Monday, 23 September 2013

The sheer beauty of Santorini

Santorini has that kind of beauty that blinds you: everything is photogenic, from the blue domes of the characteristic churches  to the flowers hanging from the balconies, from the omnipresent trellises to the churches with multiple bells, not to mention the white-washed houses crammed one against the other. These white "cubist houses" overhanging an impossibly blue sea are the trademark of the Greek islands. Even though images of Santorini are on every poster advertising holidays in Greece, to wander its cobbled streets that endlessly go uphill and downhill offering breath-taking vistas in every corner is quite another thing.

Santorini
Santorini



I reached Santorini with an early morning boat from Crete, a mere two-hour-and-twenty-minute journey that led me to another world. It wasn't exactly cheap (55€), but if there was one island that I really wanted to visit it was Santorini. When you get off the boat you'll find yourself at the bottom of a very high cliff and you'll necessarily have to take a bus  (€2,20) to tackle the long hairpin road to the main town, Fira (also spelled Thira or Thera).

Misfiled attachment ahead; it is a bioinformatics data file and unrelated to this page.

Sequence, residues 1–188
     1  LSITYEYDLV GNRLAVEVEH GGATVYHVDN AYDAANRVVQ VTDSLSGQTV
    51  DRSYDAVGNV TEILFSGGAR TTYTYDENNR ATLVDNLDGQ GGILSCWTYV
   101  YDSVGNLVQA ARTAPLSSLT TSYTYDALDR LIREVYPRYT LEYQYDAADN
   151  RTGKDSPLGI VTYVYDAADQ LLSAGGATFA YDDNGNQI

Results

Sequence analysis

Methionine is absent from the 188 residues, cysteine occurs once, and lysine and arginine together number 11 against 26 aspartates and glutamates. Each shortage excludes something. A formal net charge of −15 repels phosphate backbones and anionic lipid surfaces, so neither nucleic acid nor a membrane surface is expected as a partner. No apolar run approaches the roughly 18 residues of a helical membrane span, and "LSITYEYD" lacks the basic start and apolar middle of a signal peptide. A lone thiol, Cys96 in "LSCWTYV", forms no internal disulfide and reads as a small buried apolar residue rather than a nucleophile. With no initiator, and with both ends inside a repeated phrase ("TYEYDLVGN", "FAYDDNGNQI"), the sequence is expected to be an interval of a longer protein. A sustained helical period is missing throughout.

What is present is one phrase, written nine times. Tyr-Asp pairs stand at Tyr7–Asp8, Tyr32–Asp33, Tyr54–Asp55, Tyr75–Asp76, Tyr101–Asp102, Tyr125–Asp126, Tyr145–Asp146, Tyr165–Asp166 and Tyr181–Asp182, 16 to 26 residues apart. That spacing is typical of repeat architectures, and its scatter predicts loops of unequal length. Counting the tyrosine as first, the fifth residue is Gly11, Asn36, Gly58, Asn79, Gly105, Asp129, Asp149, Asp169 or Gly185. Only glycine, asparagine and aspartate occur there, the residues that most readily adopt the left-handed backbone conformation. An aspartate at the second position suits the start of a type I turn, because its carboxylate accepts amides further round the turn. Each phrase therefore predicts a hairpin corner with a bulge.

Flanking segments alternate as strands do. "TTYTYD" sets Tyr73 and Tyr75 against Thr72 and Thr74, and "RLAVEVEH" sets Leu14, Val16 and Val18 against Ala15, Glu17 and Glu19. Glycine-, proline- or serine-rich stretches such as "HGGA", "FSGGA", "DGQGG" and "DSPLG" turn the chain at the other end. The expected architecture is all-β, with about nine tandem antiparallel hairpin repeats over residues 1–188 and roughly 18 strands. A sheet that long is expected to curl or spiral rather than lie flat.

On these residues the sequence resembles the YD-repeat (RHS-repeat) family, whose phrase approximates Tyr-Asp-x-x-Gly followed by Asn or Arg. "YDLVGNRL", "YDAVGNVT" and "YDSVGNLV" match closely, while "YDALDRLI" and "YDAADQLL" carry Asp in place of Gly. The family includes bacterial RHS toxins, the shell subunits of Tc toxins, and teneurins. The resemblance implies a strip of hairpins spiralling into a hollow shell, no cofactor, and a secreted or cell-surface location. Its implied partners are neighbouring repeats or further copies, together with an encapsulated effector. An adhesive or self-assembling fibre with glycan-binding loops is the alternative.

Santorini
View of gorgeous Santorini
In many parts, Fira is very touristic, with endless souvenir shops and frozen yogurts places, but the view of the caldera is stunning.


Santorini Panorama
Panorama of the caldera


In Fira you will be tempted to sit down in one of the many chic bars overlooking the sea, or you will be invited to climb down the stairs to the small port on top of a donkey. I chose not to use the donkey because I felt sorry for him, all day up and down the stairs! In the end it was a bad decision, because the stairs to the port were never-ending and it was scorching hot. The stink from the donkey's "droppings" didn't help, ugh!

Donkey, Santorini
Donkey in Thira